ERROR OF THE RICHMOND PRESS.
The Richmond papers of yesterday morning [June 16, 1864], speak of the fighting near this city on Wednesday [June 15, 1864] as a very trifling affair.1 This is a very erroneous idea and does great injustice to our brave soldiers who bore the heat and burden of the day, and who nobly discharged their duty. When the Petersburg papers of yesterday [June 16, 1864] are read in our sister city [of Richmond], its people will find that the conflict on Wednesday [June 15, 1864] was something considerably more than an unimportant skirmish. The enemy made a vigorous attempt with a large force to get possession of Petersburg, and our fortifications were assailed at different points with great fury. But, thanks to the God of battles, their purpose was again frustrated. Our men fought with an intrepidity worthy of the occasion. For many long hours they resisted triumphantly the onsets of the foe, and in one part of the field inflicted severe punishment upon him. Two or three of our breastworks were captured by the continued rushing of overwhelming numbers, and a few guns were lost, but the advance of the enemy was effectually checked.
Yesterday morning [June 16, 1864] at an early hour the struggle was renewed and the roar of artillery was incessant for upwards of an hour, when it began to slacken, and long intervals would elapse without a discharge audible in our streets. At the time of this writing (about noon) [on June 16?] occasional reports are heard, but there is no reason to doubt that the fight is still actively progressing. We have as yet learned none of the particulars—certainly none to create any uneasiness about the final result. Our people are calm and hopeful, trusting in that good Providence which has twice interposed to save us from the worst of fates.—Further information will not be received, perhaps, for several hours, and will be given in another article.2
This movement against Petersburg has evidently grown out of the utter failure of Grant to reach Richmond on the north side of James River. He occupies a position which affords him great facilities for striking a blow in this direction, and but for the fortifications, which were in good time erected for our defence and which are proving themselves to be formidable structures, we should have been at the mercy of the foe. We cannot be sufficiently thankful for the completion of these preparations for our protection before the hour of need arrived. So far, by Divine assistance, we have passed triumphantly through this fiery ordeal to which we have been subjected. Thus encouraged, we look forward with an humble reliance on the Most High to our final and complete deliverance.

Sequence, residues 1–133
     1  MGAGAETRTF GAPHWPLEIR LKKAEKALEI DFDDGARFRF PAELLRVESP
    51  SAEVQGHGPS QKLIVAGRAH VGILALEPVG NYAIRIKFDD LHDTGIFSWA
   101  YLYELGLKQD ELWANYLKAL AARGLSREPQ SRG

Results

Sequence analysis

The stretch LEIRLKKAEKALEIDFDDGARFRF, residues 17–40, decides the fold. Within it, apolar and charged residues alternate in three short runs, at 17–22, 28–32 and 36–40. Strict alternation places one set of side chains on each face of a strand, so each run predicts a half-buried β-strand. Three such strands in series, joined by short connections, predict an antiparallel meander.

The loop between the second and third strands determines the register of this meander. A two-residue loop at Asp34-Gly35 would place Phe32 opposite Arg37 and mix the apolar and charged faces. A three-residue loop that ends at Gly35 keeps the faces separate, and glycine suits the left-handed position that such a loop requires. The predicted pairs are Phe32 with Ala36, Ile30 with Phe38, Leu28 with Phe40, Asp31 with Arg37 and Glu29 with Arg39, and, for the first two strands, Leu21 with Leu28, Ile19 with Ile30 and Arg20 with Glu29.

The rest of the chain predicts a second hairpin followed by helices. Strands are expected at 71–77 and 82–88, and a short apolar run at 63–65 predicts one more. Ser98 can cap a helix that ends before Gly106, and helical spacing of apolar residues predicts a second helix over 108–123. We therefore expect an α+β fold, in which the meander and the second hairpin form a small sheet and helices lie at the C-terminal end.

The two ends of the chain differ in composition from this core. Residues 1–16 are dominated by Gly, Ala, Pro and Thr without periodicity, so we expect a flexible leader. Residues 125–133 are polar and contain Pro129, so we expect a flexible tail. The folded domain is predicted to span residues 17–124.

How striking are the vicissitudes of war. Twelve months ago we were daily and anxiously poring over telegrams giving information of the scenes then enacted around Vicksburg, little dreaming that it would so soon be our fortune to be involved in the same danger. And now we have almost at our gates the conqueror of Pemberton, seeking to reduce us to the same miserable condition as that of Vicksburg. But Grant finds no Pemberton in the trenches around Petersburg. He meets with a customer here inured to victory—the hero of CHARLESTON, MANASSAS and SHILOH—a commander whose name is worthy to be placed alongside of any that shines in military history. There is some difference between Beauregard and Pemberton—and some too between Beauregard and Grant.3
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- SOPO Editor’s Note: This is the first day of the Second Battle of Petersburg, fought on June 15, 1864. MG William F. “Baldy” Smith’s Eighteenth Corps, Army of the James, went up against elements of P. G. T. Beauregard’s Department of North Carolina and Southern Virginia. Though the Union won the day tactically, taking multiple redoubts along the eastern edge of the Dimmock line, Beauregard won a strategic victory by preventing the capture of Petersburg, buying time for Rober E. Lee’s Army of Northern Virginia to reach the Cockade City. ↩
- SOPO Editor’s Note: This paragraph describes the second day of the Second Battle of Petersburg on June 16, 1864. Winfield Scott Hancock’s Second Corps of the Army of the Potomac had joined Smith’s men, followed by Burnside’s Ninth Corps, and continued assaults on the eastern defenses of Petersburg continued all day. But the city held again. ↩
- “Error of the Richmond Press.” The Daily Express (Petersburg, VA). June 17, 1864, p. 2 col. 1 ↩